The regulatory requirements and considerations for a Main Market company may vary depending on the segment of the market but prospective companies should take note of London Stock Exchange's Admission and Disclosure Standards and the FCA handbook.
The Main Market is an EU Regulated Market which requires a company to produce a prospectus approved by the Financial Conduct Authority (FCA) to enable its securities to be admitted to trading.
The FCA, as the competent authority for the Official List in the UK, also assesses a company’s eligibility for admission to the Official List. The Admission process involves the FCA reviewing and approving the Prospectus (or Listing Particulars). This document – which will be submitted to the FCA by your Sponsor or Key Adviser – primarily contains information on the company and its business in accordance with the disclosure requirements set out in the Prospectus Rules and the Listing Rules, as applicable.
The FCA maintains a dialogue with your company’s advisers until the relevant eligibility requirements are met. In parallel to the FCA application process, you must apply to London Stock Exchange to have your company’s securities admitted to trading on its markets and meet the eligibility and disclosure requirements of the Exchange's Admission and Disclosure Standards. If you are considering applying to join the Main Market you should contact London Stock Exchange as early as possible so that we can assist you through the admission process. If you’ve already appointed advisers and submitted your eligibility letter to the FCA, you should contact firstname.lastname@example.org to provide London Stock Exchange with an “early notification”.
Admission becomes effective only when the prospectus has been approved by the FCA, and the decision to admit the securities to the Official List and to admit them to trading has been announced jointly by London Stock Exchange and the FCA. Once a company is admitted, it becomes subject to the continuing obligations which require a company to publish information such as routine financial information and information that could affect the value of its securities on a timely basis.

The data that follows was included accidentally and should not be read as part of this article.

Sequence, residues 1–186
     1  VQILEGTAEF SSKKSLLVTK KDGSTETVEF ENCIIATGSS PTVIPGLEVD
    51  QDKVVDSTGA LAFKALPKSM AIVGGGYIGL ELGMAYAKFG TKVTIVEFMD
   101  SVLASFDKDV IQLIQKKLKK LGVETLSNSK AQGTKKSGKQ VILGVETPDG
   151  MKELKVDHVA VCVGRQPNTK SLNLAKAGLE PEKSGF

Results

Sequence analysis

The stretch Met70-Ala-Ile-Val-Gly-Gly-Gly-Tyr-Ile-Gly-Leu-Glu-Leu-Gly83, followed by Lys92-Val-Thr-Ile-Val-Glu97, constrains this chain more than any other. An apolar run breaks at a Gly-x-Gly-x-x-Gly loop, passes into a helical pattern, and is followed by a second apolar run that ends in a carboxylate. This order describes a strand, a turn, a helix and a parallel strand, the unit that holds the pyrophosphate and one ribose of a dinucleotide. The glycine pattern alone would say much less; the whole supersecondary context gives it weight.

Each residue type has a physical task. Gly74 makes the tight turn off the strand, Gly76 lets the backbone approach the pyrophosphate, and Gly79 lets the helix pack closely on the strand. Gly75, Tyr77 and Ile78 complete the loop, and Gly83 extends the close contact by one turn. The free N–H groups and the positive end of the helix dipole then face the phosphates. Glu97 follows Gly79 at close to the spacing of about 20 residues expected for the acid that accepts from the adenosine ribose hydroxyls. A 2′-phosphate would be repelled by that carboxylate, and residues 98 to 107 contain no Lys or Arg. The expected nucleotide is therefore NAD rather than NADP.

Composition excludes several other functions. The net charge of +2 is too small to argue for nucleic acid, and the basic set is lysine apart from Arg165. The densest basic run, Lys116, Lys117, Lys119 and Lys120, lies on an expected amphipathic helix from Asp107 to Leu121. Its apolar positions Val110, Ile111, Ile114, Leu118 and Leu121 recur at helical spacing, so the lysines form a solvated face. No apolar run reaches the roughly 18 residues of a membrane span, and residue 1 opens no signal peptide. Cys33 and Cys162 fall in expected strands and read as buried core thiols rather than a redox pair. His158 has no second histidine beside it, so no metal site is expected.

A security is ‘listed’ in the UK when it has been admitted to the Official List of the FCA. The listing category will determine the eligibility criteria and continuing obligations that apply to the company and its securities.
The initial and ongoing regulatory considerations for a Main Market company include the requirements of the FCA (discussed further below) and London Stock Exchange’s Admission and Disclosure Standards. The Admission and Disclosure Standards include additional disclosure standards for non-listed markets such as the High Growth Segment. They also include rules for all companies in relation to application for further securities and corporate actions that must be complied with.
In addition, all companies that have securities admitted to the Main Market must comply with ongoing disclosure requirements that form part of the European Union (EU) regulatory framework, namely, the Market Abuse Regulation (MAR) and the Transparency Directive, which is implemented in the UK through the Disclosure Guidance and Transparency Rules (DTRs) of the FCA. If a company’s securities are also admitted to the Official List of the FCA then the company will need to comply with the ongoing disclosure requirements within the Listing Rules; the ongoing requirements apply to not only disclosure obligations but also to ongoing requirements that ensure a company meets the eligibility requirements for admission to the Official List at all times. The FCA is the competent authority within the UK for monitoring and enforcing compliance with the DTRs, MAR and the Listing Rules.